Natural selection quickly turns a melting pot of microorganisms into a highly efficient community, new research shows.
Scientists at the University of Exeter mixed together ten different methane-producing communities (populations of hundreds of microbial species, mainly bacteria).
Some of those communities were thriving when grown on their own and some were performing poorly – but when mixed together, samples containing all ten communities quickly started producing as much methane as the best of the ten.
Microbial communities, complex mixtures of species interacting with each other, are everywhere – on and in our bodies, in soil and water, even in clouds and volcanic hot-springs.
The researchers focused on microbial communities producing methane because the amount of gas produced indicates how healthy the community is. This allowed a rare insight on the mechanisms that govern the formation of such communities. The communities came from a variety of sources, including biogas plants and cow dung.
The results may have implications beyond the biogas sector, and if the same principle applies elsewhere it could be implemented in faecal transplants, or soil probiotics, increasing crop yields.
“The more communities we added to the mix, the higher the biogas yield,” said Dr Pawel Sierocinski, of the Environment and Sustainability Institute on the University of Exeter’s Penryn Campus in Cornwall.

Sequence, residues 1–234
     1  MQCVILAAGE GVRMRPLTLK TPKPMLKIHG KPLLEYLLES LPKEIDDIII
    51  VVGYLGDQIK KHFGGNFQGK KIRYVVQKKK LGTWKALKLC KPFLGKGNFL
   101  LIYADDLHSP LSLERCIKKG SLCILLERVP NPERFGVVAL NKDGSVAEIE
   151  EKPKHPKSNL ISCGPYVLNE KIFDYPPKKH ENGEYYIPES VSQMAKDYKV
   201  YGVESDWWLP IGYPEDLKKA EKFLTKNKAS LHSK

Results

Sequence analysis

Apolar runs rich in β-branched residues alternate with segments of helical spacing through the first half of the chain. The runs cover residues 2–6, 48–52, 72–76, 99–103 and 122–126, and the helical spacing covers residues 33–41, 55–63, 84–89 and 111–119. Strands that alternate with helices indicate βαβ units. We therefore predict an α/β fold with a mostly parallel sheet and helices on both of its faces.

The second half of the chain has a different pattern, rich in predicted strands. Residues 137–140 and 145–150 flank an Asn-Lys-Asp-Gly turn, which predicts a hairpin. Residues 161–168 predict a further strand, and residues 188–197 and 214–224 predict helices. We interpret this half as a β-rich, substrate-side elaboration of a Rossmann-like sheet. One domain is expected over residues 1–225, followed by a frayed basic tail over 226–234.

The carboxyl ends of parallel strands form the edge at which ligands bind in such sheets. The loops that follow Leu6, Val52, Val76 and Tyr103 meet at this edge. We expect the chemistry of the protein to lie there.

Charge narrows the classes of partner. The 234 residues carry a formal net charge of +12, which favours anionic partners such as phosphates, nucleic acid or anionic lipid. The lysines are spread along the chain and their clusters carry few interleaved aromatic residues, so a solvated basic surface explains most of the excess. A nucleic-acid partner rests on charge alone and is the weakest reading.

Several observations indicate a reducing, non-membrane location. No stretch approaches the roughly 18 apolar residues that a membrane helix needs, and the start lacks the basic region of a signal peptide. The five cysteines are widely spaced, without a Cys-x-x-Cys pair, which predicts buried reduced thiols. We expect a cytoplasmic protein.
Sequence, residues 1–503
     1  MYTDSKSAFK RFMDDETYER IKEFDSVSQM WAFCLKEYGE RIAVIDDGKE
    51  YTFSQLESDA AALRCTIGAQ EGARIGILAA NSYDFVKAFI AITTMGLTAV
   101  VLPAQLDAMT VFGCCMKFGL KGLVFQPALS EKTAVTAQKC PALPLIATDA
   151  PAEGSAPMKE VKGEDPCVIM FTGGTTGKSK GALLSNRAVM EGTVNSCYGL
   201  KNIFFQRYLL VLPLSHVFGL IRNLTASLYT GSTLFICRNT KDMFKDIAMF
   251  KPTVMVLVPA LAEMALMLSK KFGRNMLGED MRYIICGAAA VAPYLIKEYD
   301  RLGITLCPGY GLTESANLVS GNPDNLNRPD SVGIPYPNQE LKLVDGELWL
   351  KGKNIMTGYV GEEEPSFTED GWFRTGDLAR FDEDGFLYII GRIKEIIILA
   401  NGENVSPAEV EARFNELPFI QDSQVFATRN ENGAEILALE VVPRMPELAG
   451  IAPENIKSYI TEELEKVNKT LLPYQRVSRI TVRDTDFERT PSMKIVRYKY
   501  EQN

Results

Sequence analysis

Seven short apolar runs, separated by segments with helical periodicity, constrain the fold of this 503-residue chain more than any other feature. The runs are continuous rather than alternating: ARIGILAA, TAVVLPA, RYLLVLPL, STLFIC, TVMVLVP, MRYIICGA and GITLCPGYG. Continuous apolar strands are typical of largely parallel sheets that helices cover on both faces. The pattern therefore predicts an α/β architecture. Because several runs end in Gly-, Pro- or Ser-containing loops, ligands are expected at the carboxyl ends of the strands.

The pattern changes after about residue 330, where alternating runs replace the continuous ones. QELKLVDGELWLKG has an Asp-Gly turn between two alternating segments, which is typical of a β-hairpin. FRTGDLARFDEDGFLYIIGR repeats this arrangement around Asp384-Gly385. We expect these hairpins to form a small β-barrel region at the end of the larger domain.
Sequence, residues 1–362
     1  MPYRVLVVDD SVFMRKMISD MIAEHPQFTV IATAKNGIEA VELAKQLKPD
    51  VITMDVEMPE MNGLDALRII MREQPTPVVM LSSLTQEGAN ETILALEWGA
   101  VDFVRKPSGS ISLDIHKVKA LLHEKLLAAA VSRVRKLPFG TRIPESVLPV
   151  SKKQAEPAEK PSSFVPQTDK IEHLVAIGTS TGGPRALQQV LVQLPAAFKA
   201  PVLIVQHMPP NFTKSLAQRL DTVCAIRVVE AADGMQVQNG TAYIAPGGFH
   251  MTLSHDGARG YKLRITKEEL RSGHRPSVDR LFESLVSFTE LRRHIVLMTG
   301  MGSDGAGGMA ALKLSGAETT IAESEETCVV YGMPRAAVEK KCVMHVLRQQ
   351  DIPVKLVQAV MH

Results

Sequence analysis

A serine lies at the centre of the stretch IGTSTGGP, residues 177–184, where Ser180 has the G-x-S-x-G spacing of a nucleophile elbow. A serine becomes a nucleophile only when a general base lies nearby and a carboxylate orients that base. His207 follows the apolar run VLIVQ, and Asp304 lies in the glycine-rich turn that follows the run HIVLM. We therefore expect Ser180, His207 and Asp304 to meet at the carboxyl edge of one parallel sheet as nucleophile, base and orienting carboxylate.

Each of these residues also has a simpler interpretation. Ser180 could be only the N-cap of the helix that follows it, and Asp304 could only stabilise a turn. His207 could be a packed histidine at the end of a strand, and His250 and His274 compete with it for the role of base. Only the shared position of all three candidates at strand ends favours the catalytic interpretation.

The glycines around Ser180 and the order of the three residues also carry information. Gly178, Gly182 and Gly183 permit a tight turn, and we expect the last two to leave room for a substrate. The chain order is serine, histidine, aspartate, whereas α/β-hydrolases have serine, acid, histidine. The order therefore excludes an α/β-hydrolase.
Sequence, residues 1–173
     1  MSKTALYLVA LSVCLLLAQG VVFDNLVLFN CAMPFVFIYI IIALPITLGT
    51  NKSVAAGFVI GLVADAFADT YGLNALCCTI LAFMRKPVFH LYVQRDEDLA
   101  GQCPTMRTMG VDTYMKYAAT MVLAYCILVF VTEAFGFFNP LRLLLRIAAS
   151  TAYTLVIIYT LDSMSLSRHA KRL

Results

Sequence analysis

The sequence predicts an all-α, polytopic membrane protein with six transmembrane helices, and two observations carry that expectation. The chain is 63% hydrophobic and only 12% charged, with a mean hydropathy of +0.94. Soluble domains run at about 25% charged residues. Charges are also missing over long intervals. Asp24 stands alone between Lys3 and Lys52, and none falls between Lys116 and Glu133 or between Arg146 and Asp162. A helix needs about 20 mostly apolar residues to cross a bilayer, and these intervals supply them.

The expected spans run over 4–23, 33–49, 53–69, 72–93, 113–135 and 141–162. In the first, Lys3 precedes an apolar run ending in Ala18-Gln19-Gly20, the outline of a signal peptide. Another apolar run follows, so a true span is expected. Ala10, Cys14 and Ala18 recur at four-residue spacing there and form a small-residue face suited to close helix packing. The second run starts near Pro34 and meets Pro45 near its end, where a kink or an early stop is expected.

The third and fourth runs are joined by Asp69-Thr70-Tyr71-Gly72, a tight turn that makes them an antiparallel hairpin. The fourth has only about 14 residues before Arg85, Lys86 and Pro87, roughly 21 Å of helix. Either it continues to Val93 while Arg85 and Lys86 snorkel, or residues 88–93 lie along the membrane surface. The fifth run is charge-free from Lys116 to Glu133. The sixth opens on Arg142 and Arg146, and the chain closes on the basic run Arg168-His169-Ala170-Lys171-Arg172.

“This shows that selection can operate on a whole community, rather than simply on single species or genes.
“We looked at the communities’ species composition after the experiment, by analysing their DNA, and saw that the mixes were very similar to the healthiest single community not only in their methane production, but also in terms of which microbes can be found in them.
“Some organisms from weaker-performing communities also became part of the thriving mix. These bacterial immigrants made the mixes have a higher biodiversity, making such communities more efficient and stable.
“There are complex feeding chains within these communities, as some microorganisms live off by-products of others. Our research shows that microbes from well-performing communities are capable of pulling their fellow bacteria with them in something we dubbed ‘bacterial nepotism’. “We were also surprised how reproducible our findings were – our colleagues in France got the same results from totally independent tests, using a similar model.”
Dr Sierocinski added: “For the public, there are many potential practical implications if future research confirms that the same rules stand for other types of communities.
“Learning such rules that guide community behaviour allows us to harness them. For example, if our gut flora behaves in a similar way as methane-producing communities, we could use that to our benefit. We could mend the poor-performing communities by giving them a boost from the ones that function well.”
The research, funded by the Biotechnology and Biological Sciences Research Council, was carried out by the universities of Exeter and Warwick, the Earlham Institute and the French National Institute for Agricultural Research.
The paper, published in the journal Current Biology, is entitled: “A single community dominates structure and function of a mixture of multiple methanogenic communities.”